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Weekend reading: A little money in shares is better than none at all

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What caught my eye this week.

New research from Scottish Friendly makes dispiriting reading for anyone who has spent a decade trying to teach people about investing.

(*Looks around room* “Who me? No no, I was in it for the Brexit banter.” *Shuffles away*)

It seems that having surveyed 2,000 UK savers, the life assurance giant has discovered half of us are afflicted by what it calls ‘investophobia’.

Scottish Friendly says:

  • Inflation is currently running at 2.4% yet the best easy-access cash savings rate available is 1.33%.
  • Almost two-thirds (66%) of savers are aware that interest rates on savings accounts are less than the current rate of inflation.
  • Despite that, more than half (53%) of UK savers say they wouldn’t consider investing in stocks and shares.
  • Almost half (49%) say fear of potential losses is the main reason holding them back.

A decade ago, many web explorers who wandered into Monevator Mansions had sworn off shares forever. We seldom see such people anymore.

Ten years into a bull market, we – and often many of you, in the comments – are mostly reminding visitors that bonds, cash, and property still have a place in their portfolios, let alone that it’s not a great idea to go all-in on, say, tech stocks or emerging markets.

Yet out there in the wider world, the majority still wouldn’t touch a share with a barge pole.

Small mercies

Messing about with the tools at Portfolio Charts suggests that a UK saver who kept all their money in cash would have seen an average annual real return of about 1.6% since 1970. Standard deviation was 4%.

Remember ‘real’ means these are inflation-adjusted returns. Cash can lose you money when inflation is higher than the interest rate you’re paid. The tool suggests that happened in 31% of the years.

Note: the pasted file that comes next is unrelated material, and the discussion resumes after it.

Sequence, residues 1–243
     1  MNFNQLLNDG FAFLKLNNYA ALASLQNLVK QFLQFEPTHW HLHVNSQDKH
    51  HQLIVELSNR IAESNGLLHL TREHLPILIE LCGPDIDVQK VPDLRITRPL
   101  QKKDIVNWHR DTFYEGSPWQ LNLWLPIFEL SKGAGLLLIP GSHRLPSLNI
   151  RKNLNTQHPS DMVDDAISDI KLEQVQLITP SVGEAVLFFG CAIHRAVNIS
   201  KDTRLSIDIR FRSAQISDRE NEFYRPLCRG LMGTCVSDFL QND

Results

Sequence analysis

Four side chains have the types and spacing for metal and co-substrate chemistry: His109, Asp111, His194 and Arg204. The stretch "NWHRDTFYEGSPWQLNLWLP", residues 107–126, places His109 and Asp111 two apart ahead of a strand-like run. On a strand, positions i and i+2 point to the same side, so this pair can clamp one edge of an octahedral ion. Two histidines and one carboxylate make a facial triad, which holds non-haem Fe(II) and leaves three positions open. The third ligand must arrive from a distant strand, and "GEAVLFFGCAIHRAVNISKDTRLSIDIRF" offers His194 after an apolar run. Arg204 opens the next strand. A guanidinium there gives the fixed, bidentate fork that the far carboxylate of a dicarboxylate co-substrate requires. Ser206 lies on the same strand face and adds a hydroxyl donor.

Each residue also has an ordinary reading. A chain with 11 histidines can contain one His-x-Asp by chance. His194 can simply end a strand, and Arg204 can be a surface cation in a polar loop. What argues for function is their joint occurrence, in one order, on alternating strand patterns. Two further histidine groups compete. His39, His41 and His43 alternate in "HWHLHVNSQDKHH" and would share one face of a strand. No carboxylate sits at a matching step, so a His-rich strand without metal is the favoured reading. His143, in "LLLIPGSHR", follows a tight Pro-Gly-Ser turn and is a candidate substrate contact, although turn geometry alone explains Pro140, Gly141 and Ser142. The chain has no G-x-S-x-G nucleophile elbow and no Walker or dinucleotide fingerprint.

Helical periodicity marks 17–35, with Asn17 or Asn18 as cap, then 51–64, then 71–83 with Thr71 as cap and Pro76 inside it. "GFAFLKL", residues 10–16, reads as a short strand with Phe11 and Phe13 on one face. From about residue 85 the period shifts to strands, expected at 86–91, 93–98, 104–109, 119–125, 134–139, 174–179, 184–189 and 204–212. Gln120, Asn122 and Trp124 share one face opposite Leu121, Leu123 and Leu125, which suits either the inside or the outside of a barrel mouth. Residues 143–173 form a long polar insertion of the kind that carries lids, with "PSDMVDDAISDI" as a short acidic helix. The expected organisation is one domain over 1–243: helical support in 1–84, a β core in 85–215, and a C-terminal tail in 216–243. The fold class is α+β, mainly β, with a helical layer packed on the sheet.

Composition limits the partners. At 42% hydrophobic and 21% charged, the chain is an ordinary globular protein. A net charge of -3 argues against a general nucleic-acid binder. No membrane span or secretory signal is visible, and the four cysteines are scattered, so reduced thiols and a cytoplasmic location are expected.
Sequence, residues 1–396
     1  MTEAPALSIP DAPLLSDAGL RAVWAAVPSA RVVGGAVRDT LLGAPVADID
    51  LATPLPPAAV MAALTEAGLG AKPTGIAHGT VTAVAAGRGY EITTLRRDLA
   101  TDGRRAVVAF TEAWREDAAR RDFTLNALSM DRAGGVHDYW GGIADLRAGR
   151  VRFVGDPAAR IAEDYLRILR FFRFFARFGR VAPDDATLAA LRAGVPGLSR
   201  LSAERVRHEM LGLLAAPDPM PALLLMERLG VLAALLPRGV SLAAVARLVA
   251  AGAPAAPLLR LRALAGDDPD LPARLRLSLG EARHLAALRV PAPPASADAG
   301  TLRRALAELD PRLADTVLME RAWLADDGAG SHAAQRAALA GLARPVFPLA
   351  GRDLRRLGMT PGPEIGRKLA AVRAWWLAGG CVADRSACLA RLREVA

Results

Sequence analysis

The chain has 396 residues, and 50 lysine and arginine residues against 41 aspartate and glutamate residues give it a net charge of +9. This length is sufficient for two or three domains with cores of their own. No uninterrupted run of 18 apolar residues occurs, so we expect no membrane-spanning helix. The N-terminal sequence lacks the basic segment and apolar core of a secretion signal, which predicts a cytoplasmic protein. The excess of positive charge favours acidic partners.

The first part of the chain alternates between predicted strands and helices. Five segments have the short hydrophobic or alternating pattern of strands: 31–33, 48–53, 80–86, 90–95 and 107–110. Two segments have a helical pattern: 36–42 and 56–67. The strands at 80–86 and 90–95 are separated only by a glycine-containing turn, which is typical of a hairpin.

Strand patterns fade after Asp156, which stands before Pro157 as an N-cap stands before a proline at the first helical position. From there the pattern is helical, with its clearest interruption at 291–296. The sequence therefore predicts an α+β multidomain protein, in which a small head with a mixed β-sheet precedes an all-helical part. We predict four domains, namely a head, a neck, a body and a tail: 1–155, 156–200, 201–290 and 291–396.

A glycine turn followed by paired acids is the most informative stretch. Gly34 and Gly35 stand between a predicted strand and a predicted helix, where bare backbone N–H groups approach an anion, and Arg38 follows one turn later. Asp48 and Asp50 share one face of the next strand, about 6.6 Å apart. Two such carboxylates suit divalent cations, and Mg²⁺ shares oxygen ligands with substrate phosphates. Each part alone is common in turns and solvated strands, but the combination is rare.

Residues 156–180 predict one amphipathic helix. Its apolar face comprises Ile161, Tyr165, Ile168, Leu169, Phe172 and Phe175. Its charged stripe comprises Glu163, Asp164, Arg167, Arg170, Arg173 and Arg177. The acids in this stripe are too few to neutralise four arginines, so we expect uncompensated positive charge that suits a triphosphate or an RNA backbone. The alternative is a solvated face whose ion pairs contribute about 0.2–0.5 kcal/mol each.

So what happens if we take a stiff drink and put a modest 20% allocation into global shares, while still keeping the rest in cash?

Mostly good things. The average real return rises to 2.6%. Standard deviation is only modestly higher at 5.1%. And the number of money losing periods actually fall from 31% to 27%, despite the inclusion of risky shares.

That difference between a 1.6% average real return versus 2.6% isn’t much on paper, but it’s significant over time.

A compound interest calculation reveals:

  • Over 30 years, a 1.6% return turns £100,000 into £160,000 on a real money basis.1
  • A 2.6% return takes your wealth to £216,000 over the same period. That’s a significantly better result, with only a little more volatility and fewer outright losing years.

Of course you and I know that on a 30-year basis, having 80% of your money in cash is very sub-optimal.

  • For the record, a simple 60/40-style portfolio split between global equities and intermediate UK government bonds chalked up an average annual real return of 5.3%, albeit with much higher volatility. That’s good enough to turn £100,000 into £471,000 in real terms.

Adding other asset classes can tweak the return profile further.

Here’s one I did earlier

So yes, agreed, having just 20% of your money in shares is far from perfect.

But remember, we’re not look for a home run here – we’re just looking at getting people off a terrible first base with their 0% allocation to the stock market.

And here simple – if sub-optimal – strategies can make a big difference.

I’ve mentioned before that I’ve often started friends investing with a 50/50 allocation split between shares and cash. (Now I’d probably favour a Vanguard Lifestrategy 60/40, unless they really insisted on seeing and cuddling the cash).

Nobody around here is going to suggest having 50% of your investment in cash is ideal. But I’ve seen it change lives.

For instance, a friend of mine – who was running a persistent overdraft when I first met her – agreed to try something similar to this and to start investing back in 2002 or 2003.